Stories help you find your why. And they help other people understand who you are.

Stories are about the stories that have the most impact or people can relate to the most, who you are and why they should even care.

When we activate that emotion that’s when we get people to action. Actions don’t come from logic, they come from emotion. When you tell a really good story, the amygdala comes to life, wakes up and says ‘pay attention to this!’

Dr. John Medina, neuro scientist called Brain Rules – 12 rules for getting change or learning. Get to activate your buyer, something that’s going to capture their attention, activate emotions , tell something juicy.

The brain responds to a visual image 60,000 times faster and when you wrap your message in a story it will be remembered 20x better than facts and data. It’s proven. Now it’s just figuring out how to flex that muscle.

Her trifecta and her secret sauce – a creative writer, a presenter and a sales person. You put all 3 of those hats together and keep the hat on that meets the need of the time with that client.

Understanding all the story structure and years of her experience has all come together now, she can lean into each one as each is needed with each client.

If you can be in alignment with what you value, you’ll be successful whatever success is for you.

 

How has COVID changed how you do business?

March 11 last instructor led training with 1 of corporate partners and after that 60% of receivables gone.

March 28 another 30% receivables gone.

So, she had 10% of receivables and had to pivot. So much of what she did was in person – talking, speaking, training, 1:1, etc. She had to change it up, doing more videos, drop in every other week, doing webinars. Helping people understand what they are saying and how they’re saying it. It’s very different when you’re online than if you’re in person.

What she’s grateful for is the resilience, her family, her husband’s business and health.

Be Real. Be relevant. Be brief.

 

When you tell the right story at the right time to the right audience you’ll get the right results. Storytelling is a skill that can be learned and ought to be learned in order to live in alignment, to drive engagement and to live a happy life. You don’t want to leave with regrets. Know what your story is.

 

Have a real clear vision for your story because if you don’t put your story’s message out there someone will put it out there for you. We’re all natural born storytellers we just forgot about it.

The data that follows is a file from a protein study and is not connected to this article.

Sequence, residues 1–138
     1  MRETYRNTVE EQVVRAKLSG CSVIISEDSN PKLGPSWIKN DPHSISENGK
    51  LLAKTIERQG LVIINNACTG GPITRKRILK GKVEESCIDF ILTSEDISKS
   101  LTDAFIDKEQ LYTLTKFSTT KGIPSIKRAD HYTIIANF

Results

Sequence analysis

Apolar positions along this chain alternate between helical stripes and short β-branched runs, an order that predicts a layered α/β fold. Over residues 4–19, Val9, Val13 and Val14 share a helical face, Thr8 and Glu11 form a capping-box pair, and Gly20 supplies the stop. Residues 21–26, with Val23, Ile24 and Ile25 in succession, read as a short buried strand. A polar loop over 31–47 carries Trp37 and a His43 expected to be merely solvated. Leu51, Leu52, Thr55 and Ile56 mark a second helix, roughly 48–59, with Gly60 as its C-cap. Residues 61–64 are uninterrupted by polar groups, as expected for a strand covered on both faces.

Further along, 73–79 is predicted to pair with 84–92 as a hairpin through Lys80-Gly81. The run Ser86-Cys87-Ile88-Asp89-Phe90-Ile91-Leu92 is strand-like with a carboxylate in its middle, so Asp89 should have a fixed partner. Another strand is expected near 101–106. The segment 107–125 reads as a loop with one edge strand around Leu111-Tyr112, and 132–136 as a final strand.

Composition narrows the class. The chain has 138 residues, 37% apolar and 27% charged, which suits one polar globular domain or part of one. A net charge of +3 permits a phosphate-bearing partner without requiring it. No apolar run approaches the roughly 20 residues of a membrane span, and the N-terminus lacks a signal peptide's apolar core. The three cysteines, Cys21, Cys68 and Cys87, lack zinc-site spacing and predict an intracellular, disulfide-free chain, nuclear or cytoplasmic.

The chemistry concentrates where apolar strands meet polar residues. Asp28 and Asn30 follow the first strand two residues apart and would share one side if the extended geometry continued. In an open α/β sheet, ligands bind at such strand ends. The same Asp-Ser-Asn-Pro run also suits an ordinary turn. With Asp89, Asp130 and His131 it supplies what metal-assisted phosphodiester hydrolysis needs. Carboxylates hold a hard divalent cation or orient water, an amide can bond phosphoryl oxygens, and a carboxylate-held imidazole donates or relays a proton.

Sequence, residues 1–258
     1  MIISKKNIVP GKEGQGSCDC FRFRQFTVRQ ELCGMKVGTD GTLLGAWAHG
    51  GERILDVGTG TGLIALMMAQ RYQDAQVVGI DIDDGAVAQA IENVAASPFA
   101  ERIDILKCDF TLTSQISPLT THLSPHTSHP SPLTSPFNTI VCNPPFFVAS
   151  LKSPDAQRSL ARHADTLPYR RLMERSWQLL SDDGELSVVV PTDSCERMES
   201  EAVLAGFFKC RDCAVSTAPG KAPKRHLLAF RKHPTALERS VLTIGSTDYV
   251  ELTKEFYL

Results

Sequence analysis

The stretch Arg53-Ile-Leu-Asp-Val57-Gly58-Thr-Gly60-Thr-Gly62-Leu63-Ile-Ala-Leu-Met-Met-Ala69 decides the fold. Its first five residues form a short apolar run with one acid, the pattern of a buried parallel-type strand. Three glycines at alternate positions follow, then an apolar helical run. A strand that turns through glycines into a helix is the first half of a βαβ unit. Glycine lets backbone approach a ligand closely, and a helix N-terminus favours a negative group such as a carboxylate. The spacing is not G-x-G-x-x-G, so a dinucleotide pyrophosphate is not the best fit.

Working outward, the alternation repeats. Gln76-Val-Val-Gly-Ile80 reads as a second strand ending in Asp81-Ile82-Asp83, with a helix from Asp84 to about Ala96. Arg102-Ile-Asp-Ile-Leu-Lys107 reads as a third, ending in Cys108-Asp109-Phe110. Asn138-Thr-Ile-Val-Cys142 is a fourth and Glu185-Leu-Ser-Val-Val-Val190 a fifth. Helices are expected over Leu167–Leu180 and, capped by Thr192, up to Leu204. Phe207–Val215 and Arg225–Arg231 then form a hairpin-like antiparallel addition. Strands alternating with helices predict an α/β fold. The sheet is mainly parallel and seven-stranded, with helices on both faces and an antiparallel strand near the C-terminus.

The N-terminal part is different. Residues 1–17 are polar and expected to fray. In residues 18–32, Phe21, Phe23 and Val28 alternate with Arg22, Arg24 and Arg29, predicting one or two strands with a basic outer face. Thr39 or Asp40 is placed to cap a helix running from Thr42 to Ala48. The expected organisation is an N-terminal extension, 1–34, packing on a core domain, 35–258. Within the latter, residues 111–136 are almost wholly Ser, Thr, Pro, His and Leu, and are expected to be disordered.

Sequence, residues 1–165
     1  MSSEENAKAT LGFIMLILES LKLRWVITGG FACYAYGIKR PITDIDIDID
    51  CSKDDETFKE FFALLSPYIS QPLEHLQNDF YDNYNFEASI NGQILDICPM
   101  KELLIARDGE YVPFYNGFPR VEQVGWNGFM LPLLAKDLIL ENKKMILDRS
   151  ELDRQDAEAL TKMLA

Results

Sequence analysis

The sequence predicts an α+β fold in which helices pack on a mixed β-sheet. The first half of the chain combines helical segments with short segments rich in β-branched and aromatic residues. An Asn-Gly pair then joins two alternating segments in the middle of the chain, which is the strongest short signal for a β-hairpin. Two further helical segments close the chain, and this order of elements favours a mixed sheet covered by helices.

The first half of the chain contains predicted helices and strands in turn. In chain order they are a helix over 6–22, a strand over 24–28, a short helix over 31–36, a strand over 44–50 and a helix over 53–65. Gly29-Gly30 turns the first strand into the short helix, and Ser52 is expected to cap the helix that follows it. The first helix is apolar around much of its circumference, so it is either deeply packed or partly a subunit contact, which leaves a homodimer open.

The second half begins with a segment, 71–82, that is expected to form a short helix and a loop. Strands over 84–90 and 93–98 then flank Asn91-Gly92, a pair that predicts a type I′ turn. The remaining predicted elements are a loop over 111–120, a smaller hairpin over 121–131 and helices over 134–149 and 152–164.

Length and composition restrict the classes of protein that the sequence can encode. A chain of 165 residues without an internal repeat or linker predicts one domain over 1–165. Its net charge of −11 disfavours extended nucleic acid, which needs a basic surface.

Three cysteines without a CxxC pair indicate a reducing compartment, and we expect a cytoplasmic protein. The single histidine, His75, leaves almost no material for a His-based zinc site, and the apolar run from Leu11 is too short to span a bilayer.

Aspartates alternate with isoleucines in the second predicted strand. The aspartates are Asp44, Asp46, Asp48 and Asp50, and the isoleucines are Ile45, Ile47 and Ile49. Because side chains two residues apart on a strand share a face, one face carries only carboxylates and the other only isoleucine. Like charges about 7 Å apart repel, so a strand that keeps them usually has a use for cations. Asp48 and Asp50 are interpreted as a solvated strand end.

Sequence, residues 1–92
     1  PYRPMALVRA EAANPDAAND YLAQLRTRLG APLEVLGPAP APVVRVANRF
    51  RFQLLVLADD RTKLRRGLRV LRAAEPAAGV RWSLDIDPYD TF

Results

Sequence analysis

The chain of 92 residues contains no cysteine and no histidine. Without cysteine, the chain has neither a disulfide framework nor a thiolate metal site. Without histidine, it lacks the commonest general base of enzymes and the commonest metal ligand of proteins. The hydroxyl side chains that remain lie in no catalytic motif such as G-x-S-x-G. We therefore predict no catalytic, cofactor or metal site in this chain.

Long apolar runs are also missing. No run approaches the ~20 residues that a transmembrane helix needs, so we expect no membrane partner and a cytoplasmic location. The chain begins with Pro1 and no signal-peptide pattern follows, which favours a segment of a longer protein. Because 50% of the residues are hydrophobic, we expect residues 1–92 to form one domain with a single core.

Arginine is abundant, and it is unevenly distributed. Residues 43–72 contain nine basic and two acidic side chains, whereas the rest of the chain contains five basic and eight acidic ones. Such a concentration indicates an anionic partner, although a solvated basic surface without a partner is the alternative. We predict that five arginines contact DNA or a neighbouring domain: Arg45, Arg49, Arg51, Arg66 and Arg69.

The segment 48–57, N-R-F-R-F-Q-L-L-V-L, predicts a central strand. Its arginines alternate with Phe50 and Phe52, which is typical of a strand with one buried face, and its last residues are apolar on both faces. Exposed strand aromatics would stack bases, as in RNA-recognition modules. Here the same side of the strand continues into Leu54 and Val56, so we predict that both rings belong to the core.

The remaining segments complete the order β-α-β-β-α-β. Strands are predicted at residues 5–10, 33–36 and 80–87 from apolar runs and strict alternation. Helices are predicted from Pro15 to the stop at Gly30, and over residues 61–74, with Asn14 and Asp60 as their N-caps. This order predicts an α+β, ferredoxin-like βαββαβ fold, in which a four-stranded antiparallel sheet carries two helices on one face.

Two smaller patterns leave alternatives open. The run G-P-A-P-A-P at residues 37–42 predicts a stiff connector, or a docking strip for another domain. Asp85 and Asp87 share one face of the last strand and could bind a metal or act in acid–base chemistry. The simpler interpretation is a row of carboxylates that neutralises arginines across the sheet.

The Ebbinghaus Curve (Hermann Ebbinghaus)– people will forget, unless you put something into practice, if you get new information unless you use it within 24 hours, up to 75-80% of it will be gone.

 

So you have to practice it. Practice your stories. It will come second nature to you.

Pretty transparent – everybody can do it. She’s just helping. Her approach is giving you compassionate story coaching in the moment for yourself or your team. Focus on what you do really well and that will boost your confidence. She’s there to help you. She’s passionate about it. It’s your story not hers. You can to tell it. You get to craft it. She just helps you get there. She helps coach it to the surface.

So, what’s your story?

Connect with Theresa:

If you need help crafting your story, struggling to find the right words, big presentation or team needs to sell their ideas or working with a lot of change, stories can help manage that and help them move to the next phase.

Theresa@whystoryworks.com

www.WhyStoryWorks.com

LinkedIn

Below are the marketing resources I mentioned throughout this episode of Connect the Dots:

  • Theresa's Bio and Research [Document]

  • Death by Story Video [YouTube]

  • Tell a 2-Minute Story Video [YouTube]

  • How to Craft a 2-Minute Story [Document]

  • Chunk Outline [Document]

  • Ebbinghaus Curve (aka Forgetting Curve by Hermann Egginghaus [Wikipedia]

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Vicki O'Neill is a fractional CMO in Ohio with over 20 years of marketing leadership experience. She founded KenKay Marketing, a marketing solutions company, in 2011. Vicki hosts Connect the Dots a marketing and sales educational podcast for entrepreneurs and businesses of all sizes. She recently launched a new podcast, The Power of 3X, with her Gen Z daughters to give people a resource to learn about our youngest generation. You will find Vicki on most social media platforms (icons in the footer) but you'll find her most active on LinkedIn. Receive weekly insights, tips, how-to's in your inbox by subscribing here.